NEW YORK (CNNMoney) -- More than half a million Americans have received permanent mortgage modifications from the Obama administration's flagship foreclosure prevention program, the Home Affordable Modification Program.
So who are these homeowners?
To begin with, the reason they are falling behind on their mortgages isn't because their loans are unaffordable, according to a report released Monday by the Treasury Department.
Instead, defaults are stemming from the weak economy and unemployment: In December, 60% of the borrowers who received permanent HAMP mods were facing a loss of income. Just 11% were the result of unaffordable mortgages.
L.A. and New York City have the largest concentrations of these beneficiaries, and their ethnicity roughly reflects the nation as a whole: 33% of borrowers who received permanent modifications were white, while 12% were African American, 18% are Hispanic and 3% are Asian. (The numbers don't add up to 100% because many people did not report ethnicity.)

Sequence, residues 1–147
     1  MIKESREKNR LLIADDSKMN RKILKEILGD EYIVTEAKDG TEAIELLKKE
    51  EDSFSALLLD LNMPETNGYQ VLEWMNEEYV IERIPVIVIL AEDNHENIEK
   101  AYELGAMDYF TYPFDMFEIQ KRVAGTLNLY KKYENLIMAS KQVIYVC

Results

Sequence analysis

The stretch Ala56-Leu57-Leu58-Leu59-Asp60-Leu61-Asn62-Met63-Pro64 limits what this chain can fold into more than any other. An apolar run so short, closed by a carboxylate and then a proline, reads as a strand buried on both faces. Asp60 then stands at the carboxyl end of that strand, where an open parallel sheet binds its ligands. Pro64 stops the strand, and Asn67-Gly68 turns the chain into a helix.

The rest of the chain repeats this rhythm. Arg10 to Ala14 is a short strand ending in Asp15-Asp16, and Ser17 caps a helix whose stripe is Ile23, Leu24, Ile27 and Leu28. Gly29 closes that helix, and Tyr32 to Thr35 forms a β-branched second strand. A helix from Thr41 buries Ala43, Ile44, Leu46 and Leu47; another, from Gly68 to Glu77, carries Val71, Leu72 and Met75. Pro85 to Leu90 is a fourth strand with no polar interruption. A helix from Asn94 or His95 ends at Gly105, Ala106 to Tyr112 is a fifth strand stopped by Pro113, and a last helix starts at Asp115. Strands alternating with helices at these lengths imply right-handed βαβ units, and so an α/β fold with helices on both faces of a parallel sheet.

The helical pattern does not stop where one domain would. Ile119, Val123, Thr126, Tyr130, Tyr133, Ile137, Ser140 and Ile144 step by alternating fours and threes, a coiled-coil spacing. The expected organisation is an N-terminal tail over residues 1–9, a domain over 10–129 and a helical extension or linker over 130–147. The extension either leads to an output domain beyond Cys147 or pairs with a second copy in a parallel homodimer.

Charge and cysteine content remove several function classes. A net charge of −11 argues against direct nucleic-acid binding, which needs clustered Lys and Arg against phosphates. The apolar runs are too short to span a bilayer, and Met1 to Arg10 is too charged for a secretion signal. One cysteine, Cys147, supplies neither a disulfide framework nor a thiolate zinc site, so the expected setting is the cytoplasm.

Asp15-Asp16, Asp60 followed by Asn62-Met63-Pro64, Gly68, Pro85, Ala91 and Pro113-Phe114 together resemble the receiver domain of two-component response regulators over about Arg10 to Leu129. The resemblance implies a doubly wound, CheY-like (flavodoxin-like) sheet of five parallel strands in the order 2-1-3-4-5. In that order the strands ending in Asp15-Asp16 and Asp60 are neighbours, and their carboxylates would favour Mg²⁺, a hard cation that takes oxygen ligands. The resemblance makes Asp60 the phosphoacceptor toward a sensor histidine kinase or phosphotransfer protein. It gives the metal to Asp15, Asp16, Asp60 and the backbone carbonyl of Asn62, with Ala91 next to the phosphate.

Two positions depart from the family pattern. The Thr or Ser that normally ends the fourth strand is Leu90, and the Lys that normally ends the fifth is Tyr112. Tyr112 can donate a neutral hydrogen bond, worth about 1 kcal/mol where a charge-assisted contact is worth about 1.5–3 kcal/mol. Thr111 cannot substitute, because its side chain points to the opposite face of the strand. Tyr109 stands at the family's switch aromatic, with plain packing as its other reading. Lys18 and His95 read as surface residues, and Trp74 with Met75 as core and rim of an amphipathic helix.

Median household income for them was just $46,000, well short of affluent. Their credit scores averaged about 570 at the time of modification, which would, under today's lending conditions, prevent them from obtaining loans.
Their mortgage balances -- after modification -- averaged $232,000. That is about five times median household income, about double what they'd usually be allowed to borrow on income of $46,000.
The help these borrowers receive is substantial, with the typical HAMP modification slashing about 40% off mortgage payments. About 18% of HAMP borrowers were able to reduce their payments by $1,000 a month or more.
Still, receiving a permanent HAMP mod does not guarantee that the borrowers will keep their homes. Of those who received a modification during the third quarter of 2009, more than 46% have already fallen at least two payments behind.
Homeowners with payment reductions of more than 30% were far less likely to become delinquent on their permanent modifications, compared with those receiving a payment reduction of 20% or less.
After 12 months, nearly 60% of borrowers whose loan payments went down less than 20% were at least two payments behind. Only 28% of those borrowers with payments reductions of 30% or more had fallen two payments behind or more.
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